General statistical concepts

      All statistical analyses are to be performed in a modified intent-to-treat population which includes all randomised patients with at least one post-baseline observation of the primary variable.
      The SAS® system is to be used for statistical analyses. nQuery Advisor® 7.0 [
      • Elashoff J.
      nQuery Advisor® Version 7.0 User's Guide.
      ] and ADDPLAN™ 5.0 [
      • Wassmer and Eisebitt
      ADDPLAN Adaptive Designs – Plans and Analyses® User's Guide, Release 5.0.
      ] were used for the sample size calculations for the group-sequential adaptive design. An R program developed by one of the authors was used to perform the conditional power calculations.

      Interim analyses

      To terminate the study early in case of superiority of BT086 or in case of futility, or to evaluate the assumptions of the sample size estimation and to adjust the sample size, an adaptive group-sequential design was used.
      The first interim analysis was planned to be performed after 20 patients per group (in total 40 patients) have completed treatment. The sample size of the second stage of the trial was determined based on a weighted average of the expectations before the start of the study and the actual results of the first stage.
      A second interim analysis was performed after 100 patients completed treatment. The second interim analysis allowed termination of the study, where appropriate, and to claim statistically significant superiority of BT086 over placebo, if the observed p-value for the primary variable (VFDs) in this analysis was below the conditional type I error rate determined by means of the recursive combination test method.
      Based on the results from the second interim analysis, a statistician was to recommend whether the study should be stopped in the case of a significant result, or whether it should continue up to the planned sample size.

      Study status as of June 2014

      At the beginning of the trial, study sites were opened in Germany and Spain. The first patient was enrolled on 04 October 2011.
      The first interim analysis was completed on 07 March 2013, and was performed after the first 40 patients completed the CIGMA Study. The cut-off date for this analysis was defined as the date when data for the primary endpoint, VFDs, became available.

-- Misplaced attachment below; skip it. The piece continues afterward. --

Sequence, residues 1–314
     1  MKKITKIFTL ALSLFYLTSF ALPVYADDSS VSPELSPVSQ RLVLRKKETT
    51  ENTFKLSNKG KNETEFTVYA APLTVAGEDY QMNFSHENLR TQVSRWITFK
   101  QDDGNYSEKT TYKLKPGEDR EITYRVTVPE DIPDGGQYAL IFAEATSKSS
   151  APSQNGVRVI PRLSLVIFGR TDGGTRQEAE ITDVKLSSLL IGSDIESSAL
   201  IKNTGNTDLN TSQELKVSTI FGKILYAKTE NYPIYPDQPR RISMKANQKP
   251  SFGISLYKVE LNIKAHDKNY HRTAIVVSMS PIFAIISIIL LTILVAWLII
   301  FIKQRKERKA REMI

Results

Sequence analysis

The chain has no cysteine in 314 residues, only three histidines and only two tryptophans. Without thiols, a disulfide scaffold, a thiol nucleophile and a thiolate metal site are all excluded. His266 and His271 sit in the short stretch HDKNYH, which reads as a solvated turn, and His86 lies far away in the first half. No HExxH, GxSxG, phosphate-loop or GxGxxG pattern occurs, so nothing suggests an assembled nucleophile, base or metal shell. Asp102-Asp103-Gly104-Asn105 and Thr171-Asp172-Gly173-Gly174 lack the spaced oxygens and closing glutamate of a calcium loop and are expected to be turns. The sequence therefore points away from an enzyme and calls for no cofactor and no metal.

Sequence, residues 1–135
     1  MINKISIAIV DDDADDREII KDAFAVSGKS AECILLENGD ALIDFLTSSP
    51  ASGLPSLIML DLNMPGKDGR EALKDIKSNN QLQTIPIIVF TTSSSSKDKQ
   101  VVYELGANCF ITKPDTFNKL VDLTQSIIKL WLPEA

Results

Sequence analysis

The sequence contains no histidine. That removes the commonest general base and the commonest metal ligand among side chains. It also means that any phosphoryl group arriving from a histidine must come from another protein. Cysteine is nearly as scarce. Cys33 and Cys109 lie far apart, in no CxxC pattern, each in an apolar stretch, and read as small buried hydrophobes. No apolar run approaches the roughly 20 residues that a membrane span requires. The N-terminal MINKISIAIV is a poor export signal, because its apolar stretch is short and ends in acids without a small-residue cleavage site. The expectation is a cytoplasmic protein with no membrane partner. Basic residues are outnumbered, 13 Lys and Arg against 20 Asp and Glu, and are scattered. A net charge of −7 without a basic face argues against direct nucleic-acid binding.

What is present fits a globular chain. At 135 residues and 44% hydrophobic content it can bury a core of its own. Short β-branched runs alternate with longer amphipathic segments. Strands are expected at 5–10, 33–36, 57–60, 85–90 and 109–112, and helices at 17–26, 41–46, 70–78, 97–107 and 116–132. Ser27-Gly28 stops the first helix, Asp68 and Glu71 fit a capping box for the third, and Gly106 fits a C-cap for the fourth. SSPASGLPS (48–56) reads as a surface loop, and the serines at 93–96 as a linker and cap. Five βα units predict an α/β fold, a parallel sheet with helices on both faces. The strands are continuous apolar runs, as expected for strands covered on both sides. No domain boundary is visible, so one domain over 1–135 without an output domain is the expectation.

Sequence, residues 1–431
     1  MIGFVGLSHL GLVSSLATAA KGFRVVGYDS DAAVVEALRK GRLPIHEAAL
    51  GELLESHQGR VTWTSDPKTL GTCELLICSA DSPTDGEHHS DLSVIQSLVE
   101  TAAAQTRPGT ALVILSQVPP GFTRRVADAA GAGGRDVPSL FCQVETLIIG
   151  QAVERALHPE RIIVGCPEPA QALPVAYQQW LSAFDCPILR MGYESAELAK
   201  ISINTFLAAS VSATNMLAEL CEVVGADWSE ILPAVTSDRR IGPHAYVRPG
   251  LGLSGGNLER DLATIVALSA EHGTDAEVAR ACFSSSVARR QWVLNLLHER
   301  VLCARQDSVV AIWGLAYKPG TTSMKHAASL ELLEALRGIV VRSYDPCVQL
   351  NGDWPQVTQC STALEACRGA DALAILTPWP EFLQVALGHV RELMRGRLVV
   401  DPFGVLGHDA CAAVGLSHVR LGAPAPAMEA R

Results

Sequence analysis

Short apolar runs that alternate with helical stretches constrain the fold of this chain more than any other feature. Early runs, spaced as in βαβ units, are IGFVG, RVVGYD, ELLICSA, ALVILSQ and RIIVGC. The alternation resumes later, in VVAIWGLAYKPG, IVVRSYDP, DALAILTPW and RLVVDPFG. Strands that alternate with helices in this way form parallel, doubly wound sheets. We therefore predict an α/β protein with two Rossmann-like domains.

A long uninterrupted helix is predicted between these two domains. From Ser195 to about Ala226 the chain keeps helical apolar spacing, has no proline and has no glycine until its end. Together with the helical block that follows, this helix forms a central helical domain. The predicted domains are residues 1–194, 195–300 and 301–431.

As a result of the first interim analysis, the trial was not terminated early due to superiority or futility of BT086.
      Results from the first interim analysis showed that the variability of the VFDs quantified by the SD in the interim study population was an overall SD of 9.61 VFDs. A sample size of 120 patients (60 on BT086 and 60 on placebo) was estimated for the second stage of the study based on conditional power after results from the first stage. As a result, the total number of patients to demonstrate statistical significance was recalculated to 160 patients. With this sample size, statistical significance to demonstrate the efficacy of BT086 was expected to be achieved.
      After the first interim analysis, new sites were added in Germany, the UK, and Belgium.
      A second interim analysis was planned to be performed after results from the first 60 randomised patients in the second stage (100 patients in total) became available. The second interim analysis took place on the 31 March 2014. As a result of the second interim analysis, the trial was not terminated early.
      Publication of the interim and final results is planned after completion of the study.
      Unblinded data sets have been reviewed by the DSMB for the first six consecutive patients, and for the 12, 24, and 36 patients thereafter who completed the study. No safety issues have been raised by the DSMB members at any time.
      As of 03 June 2014, 124 patients have been randomised in the study.

      Discussion

      Patients affected by sepsis have a high mortality rate in spite of the wide availability of antibiotics. Furthermore, widespread resistance of pathogens to antibiotics has increased the medical need to look for alternate treatments shifting the focus to host response.